By Emma Chow
These marshmallows are cheap to make, yield a large batch and are flavoured naturally with cocoa and cinnamon. They are made from sugar, gelatine and water; this is an eggwhite-less recipe and is also naturally gluten free. This recipe yields bouncy marshmallows that are quite resistant to the weepy tendencies that some recipes have should they be attempted in damp weather (I live in a cloud, so I have this problem constantly when making confectionary). They last up to 2 weeks, retaining decent texture. I served these with hot chocolate at my son’s 5th birthday party and they went down a treat. They also toast well oven an open fire; unlike many homemade marshmallow recipes they are actually pretty robust when being roasted and don’t immediately collapse under the heat. I recommend using a stand mixer for this recipe, though if you have a powerful electric whisk then that could work too.
2 cups caster sugar
2 tablespoons powdered gelatine
1 cup water
3 tablespoons good quality cocoa powder
2 teaspoons ground cinnamon
½ teaspoon salt
½ cup icing sugar
½ cup corn starch or potato starch
Bloom the gelatine in half a cup of water. Give it a little stir to ensure that all the gelatine absorbs the water. Dust a piece of baking paper with half of your combination of icing sugar and potato starch or corn starch.
Add half a cup of water and the 2 cups of sugar to a medium saucepan. Place the pot on high heat and bring the mix to the boil.
When the sugar and water have come to the boil and the sugar has totally dissolved, add the bloomed gelatine and stir to dissolve. Allow it to come to the boil and allow to boil for 1 minute.
Remove the mixture from heat and pour the syrup into the bowl of your stand mixer or into a large metal bowl.
Using the whisk attachment, mix on low heat for 3-4 minutes until the steam has mostly dissipated. Then turn it on full speed and whisk until the mixture has doubled in volume and holds its shape like stiffened eggwhites. As it approaches nearly stiff, gradually add the cocoa and cinnamon. It helps to drape a tea towel over the mixer when you do this, because the speed of the whisk will knock some of the powder out of the bowl.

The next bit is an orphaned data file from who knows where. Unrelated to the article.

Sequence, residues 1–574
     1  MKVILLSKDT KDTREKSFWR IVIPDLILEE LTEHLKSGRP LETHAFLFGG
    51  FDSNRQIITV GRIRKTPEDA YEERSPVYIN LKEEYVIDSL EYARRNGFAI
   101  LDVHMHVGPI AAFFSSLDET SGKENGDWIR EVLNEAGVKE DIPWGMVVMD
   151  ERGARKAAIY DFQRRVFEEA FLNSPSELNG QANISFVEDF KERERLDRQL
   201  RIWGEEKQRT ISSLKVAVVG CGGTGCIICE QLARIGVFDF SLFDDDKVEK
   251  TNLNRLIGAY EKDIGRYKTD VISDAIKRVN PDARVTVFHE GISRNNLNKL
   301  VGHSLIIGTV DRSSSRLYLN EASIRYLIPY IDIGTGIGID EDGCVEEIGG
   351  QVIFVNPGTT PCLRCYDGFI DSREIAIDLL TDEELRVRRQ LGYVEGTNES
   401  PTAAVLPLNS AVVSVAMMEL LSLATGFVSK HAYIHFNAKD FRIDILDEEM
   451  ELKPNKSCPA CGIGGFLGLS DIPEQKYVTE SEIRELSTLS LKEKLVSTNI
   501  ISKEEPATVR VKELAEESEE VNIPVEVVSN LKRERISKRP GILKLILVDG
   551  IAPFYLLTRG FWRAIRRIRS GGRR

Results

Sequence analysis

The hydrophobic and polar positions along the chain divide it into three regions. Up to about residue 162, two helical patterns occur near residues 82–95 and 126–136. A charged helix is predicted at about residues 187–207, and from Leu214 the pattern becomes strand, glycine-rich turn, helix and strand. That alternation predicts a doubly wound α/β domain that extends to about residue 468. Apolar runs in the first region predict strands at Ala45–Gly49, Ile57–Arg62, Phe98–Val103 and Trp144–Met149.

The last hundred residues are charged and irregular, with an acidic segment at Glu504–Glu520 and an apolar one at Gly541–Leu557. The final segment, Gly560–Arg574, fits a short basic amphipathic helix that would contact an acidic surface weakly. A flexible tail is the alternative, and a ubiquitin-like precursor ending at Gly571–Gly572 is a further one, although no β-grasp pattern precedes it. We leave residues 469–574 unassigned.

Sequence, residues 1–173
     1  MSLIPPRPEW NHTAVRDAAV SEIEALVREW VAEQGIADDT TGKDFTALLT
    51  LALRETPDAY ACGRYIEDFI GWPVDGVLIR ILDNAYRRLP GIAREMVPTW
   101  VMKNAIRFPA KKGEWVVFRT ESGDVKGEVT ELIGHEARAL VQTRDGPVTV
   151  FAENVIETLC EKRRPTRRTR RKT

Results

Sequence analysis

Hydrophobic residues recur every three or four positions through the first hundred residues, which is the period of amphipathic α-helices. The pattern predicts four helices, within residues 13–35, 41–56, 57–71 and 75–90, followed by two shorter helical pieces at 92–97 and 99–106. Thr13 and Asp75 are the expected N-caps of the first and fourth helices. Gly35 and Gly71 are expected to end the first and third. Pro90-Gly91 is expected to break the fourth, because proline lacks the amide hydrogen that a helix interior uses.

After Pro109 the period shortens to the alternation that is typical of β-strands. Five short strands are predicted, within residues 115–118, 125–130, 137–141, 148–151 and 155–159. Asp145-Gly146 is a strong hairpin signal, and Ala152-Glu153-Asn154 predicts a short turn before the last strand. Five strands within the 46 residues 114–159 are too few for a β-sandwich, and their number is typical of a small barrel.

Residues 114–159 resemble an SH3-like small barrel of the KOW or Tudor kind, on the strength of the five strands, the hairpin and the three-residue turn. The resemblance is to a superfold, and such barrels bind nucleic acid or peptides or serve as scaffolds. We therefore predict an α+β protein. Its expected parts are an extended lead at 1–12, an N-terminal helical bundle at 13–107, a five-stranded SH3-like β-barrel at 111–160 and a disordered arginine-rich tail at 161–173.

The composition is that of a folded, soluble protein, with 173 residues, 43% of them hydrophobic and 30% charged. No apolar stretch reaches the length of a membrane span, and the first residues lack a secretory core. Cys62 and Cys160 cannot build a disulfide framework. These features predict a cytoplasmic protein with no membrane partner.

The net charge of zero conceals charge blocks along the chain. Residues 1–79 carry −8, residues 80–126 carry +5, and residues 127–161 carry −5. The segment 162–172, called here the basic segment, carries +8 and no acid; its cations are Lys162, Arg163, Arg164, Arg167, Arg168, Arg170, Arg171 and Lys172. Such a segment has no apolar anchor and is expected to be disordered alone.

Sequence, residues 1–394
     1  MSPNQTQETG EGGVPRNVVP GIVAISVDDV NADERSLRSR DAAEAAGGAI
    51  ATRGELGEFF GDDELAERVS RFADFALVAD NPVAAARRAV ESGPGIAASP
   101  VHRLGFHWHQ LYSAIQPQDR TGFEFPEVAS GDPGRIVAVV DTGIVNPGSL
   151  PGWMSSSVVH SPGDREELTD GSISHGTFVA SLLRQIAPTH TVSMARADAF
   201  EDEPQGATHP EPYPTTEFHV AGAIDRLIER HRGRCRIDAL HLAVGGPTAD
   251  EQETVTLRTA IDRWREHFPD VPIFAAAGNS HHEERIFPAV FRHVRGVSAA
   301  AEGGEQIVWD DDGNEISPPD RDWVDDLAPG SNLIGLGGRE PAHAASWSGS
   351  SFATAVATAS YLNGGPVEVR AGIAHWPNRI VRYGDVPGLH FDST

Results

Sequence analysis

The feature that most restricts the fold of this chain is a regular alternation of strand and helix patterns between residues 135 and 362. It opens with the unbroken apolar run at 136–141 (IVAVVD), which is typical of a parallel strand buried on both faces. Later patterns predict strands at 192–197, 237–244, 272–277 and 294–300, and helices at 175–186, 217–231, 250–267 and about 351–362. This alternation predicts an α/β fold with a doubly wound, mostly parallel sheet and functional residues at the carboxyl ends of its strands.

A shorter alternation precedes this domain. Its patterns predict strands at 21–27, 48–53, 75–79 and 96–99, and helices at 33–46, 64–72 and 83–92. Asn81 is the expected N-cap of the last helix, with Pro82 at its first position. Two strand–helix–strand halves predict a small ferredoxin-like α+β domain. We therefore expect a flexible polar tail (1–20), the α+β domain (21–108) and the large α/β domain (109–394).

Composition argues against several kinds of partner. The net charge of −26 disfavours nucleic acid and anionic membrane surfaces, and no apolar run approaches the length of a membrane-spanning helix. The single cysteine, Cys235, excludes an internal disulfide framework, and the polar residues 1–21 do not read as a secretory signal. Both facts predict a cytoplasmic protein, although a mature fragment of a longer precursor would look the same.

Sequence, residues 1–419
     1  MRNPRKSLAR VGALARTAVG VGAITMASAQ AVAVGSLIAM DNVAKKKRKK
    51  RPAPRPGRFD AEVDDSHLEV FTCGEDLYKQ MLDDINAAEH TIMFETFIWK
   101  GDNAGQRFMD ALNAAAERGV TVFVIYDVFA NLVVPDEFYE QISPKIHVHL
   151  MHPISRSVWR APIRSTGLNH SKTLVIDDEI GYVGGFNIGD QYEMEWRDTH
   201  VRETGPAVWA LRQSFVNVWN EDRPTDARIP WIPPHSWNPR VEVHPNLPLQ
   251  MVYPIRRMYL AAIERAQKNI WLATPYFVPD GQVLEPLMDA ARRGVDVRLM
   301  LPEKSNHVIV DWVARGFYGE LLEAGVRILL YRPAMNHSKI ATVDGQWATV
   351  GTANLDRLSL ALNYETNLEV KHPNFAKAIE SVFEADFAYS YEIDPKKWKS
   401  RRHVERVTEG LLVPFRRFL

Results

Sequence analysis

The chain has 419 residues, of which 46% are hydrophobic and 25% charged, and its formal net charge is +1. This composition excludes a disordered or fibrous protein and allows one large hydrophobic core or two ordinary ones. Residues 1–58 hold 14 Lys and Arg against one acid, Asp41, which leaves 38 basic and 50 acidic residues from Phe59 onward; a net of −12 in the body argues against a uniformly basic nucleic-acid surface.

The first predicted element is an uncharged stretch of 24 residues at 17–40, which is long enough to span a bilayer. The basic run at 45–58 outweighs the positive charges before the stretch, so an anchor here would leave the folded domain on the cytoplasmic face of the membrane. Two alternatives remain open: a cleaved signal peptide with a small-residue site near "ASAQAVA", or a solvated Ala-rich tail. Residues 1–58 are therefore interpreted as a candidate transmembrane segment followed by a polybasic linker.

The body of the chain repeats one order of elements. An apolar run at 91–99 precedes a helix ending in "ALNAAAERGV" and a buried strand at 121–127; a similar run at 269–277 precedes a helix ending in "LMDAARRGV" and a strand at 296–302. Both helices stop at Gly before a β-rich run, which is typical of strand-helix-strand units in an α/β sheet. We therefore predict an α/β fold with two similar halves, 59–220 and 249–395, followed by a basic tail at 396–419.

Working quickly, using a spatula, scrape the marshmallow from the bowl and smooth it over your prepared piece of baking paper. When you have smoothed it to the thickness you prefer (3 cm high is good), dust the top with more icing sugar and potato starch and allow to set for at least half an hour. When fully set, cut into cubes with a clean sharp knife, cleaning the knife after each cut. Dust marshmallow pieces in more sugar/starch mixture.
Keep in an airtight container for up to 2 weeks.
Alternatively, if you are going to use this for adding to hot chocolates, I sometime distribute half the marshmallow into a plastic sealable container without any starch or icing sugar. This gives you a marshmallow that dissolves nicely into hot drinks without any extra starch or sugar.
Notes: if you prefer you can flavour these marshmallows with liquid essences and add food colouring. However the recipe is robust enough that it can withstand additions of heavier solid flavourings towards the end of mixing time. Freeze dried fruit is a delicious addition to marshmallows.